Vogue magazine backs down on plan to sue pub called Vogue in village of Vogue

·4-min read
Landlord Mark Graham said he initially thought the letter from Vogue magazine was a joke - James Dadzitis / SWNS
Landlord Mark Graham said he initially thought the letter from Vogue magazine was a joke - James Dadzitis / SWNS

For an unassuming Cornish pub perched on a country lane and offering £10 all-you-can-eat burgers and hot dogs, a letter from the most iconic fashion magazine raised eyebrows.

But when the landlord Mark Graham opened it to discover Vogue was demanding that his pub change its 200-year-old name or face legal action, that curiosity quickly became astonishment - then a fierce determination to resist.

The iconic magazine sent a cease and desist letter to The Star Inn at Vogue, based in a rural hamlet called Vogue near the town of Redruth, arguing its name might confuse readers.

They said they were "concerned that the name which you are using is going to cause problems because as far as the general public is concerned a connection between your business and ours is likely to be inferred".

The letter, seen by The Telegraph, added: "Please reply within seven days or we will take remedial action."

In what has been dubbed a classic David versus Goliath battle, residents in the hamlet rallied together and were prepared to go all the way to court.

Mark Graham, owner of the Star Inn at Vogue, Cornwall, with his wife Rachel
Mark Graham, owner of the Star Inn at Vogue, Cornwall, with his wife Rachel

The pub, which is running a £10 "American night" including Mac ‘n’ Cheese and pulled pork next week along with karaoke and cream teas, said it has no plans to change its name.

It said it intended to "crack on the way we always have", pointing out that Vogue was first published in 1916 - nearly a century after the pub was established.

On Friday, lawyers for Vogue’s parent company Condé Nast U-turned following the protest, admitting in a letter to Mr Graham that "you are quite correct to note that further research by our team would have identified that we did not need to send such a letter on this occasion".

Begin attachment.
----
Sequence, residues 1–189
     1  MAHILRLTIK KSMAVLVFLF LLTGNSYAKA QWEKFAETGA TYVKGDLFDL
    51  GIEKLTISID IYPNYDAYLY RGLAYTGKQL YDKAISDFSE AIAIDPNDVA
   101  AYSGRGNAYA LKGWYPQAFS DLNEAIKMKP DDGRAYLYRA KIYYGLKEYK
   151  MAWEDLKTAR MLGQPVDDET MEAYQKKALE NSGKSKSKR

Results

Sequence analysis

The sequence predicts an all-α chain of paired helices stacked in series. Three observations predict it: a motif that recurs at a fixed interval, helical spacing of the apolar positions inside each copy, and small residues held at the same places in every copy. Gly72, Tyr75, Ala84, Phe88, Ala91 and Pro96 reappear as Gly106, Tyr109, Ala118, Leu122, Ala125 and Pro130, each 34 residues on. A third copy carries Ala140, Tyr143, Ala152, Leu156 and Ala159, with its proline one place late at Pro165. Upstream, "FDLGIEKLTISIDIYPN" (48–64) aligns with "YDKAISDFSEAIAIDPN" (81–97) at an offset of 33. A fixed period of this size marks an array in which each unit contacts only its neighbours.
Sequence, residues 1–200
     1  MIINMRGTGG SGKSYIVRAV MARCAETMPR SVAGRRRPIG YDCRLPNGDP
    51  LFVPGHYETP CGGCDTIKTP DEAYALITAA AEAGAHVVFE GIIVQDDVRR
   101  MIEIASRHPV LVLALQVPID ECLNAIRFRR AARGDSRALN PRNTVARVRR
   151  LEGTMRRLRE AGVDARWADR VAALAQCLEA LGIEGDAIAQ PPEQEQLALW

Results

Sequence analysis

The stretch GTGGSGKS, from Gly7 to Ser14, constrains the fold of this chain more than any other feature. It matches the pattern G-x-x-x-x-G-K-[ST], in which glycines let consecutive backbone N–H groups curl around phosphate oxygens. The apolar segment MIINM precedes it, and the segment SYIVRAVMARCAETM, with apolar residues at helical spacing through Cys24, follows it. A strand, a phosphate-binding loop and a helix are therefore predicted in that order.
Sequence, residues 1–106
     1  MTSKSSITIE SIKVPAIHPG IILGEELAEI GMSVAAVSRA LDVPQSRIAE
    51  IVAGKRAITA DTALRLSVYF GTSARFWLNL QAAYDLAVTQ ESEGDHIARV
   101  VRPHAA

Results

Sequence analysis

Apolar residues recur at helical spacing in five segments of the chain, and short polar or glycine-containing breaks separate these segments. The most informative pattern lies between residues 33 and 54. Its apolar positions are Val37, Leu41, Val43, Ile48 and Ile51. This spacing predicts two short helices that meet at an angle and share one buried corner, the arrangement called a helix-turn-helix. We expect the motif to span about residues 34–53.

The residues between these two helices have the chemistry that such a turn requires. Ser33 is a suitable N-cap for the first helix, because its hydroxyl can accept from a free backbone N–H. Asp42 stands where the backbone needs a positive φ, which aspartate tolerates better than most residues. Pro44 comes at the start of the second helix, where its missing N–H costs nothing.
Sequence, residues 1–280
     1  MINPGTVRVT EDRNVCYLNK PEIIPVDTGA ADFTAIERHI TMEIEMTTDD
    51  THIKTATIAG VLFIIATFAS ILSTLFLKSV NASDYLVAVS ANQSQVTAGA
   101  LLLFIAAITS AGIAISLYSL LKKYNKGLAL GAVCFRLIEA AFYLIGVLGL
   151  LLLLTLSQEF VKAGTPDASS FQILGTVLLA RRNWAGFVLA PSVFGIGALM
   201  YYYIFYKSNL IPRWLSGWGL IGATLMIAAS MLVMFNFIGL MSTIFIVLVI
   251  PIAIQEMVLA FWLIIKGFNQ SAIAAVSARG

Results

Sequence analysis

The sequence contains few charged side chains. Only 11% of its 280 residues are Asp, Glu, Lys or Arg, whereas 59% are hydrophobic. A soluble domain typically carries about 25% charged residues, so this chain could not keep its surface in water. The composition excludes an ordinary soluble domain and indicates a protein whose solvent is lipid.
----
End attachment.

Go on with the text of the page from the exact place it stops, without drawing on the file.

Speaking about the incident, Mr Graham told The Telegraph that he was "astonished that in this day and age a company that big could not be bothered to do any background checks before sending such a nasty letter".

"The community are up in arms, they want me to create a parish magazine and call it a ‘Vogue magazine’ and have a fashion week and call it ‘Vogue fashion week’. One of our lovely barmaids wants to rewrite the Madonna song ‘Vogue’ and release it for ourselves on TikTok or Facebook," he said.

"Everybody’s contacted me - every man and his dog. Everyone’s more than happy to jump in and we’re happy to take them to court if need be."

Reaffirming Cornwall’s folklore reputation for defiance, he added: "The pub has been here just under 200 years and they’ve only been here for 100 years - it’s another case of the big companies trying to bully the little companies into submission and that ain't going to work in Cornwall. We’ve got a history of rebellion."

Vogue - James Dadzitis / SWNS
Vogue - James Dadzitis / SWNS

The hamlet’s name, Vogue, is scribbled in grey letters on the side of the pub’s modest facade, which sits on a quiet country lane near the southern town of St Day. It is surrounded by several streets of houses and farmland.

In the letter to the pub, Sabine Vandenbroucke, the chief operating officer of Condé Nast, Vogue’s parent company, wrote: "Our company is the proprietor of the Vogue mark, not only for its world-famous magazine first published in November 1916 but in respect of other goods and services offered to the public by our company."

Ms Vandenbroucke’s letter, dated March 1, also asked Mark and Rachel to provide more information about what type of business the Star Inn Vogue pub is and any imagery it uses to make sure it obviously cannot be confused with the magazine.

Mr Graham, who initially thought the letter was a joke, replied with a selection of photos of the pub and street names found in the area bearing the name Vogue. He said the "at Vogue" addition to his pub’s name "has been used on and off, but I've been here 17 years and always used it".

His letter concluded by saying: "In answer to your question whether we would change our name, it is a categorical NO."

The response on Friday from Condé Nast’s top lawyer, Christopher Donnellan, explained that Vogue was alerted to the name on Companies House, but was "grateful for your response and to learn more about your business in this beautiful part of our country".

"Everyone at Conde Nast wishes you and everyone in Vogue best wishes for a happy summer, and for your upcoming 'American Night' on 18 May," he added.

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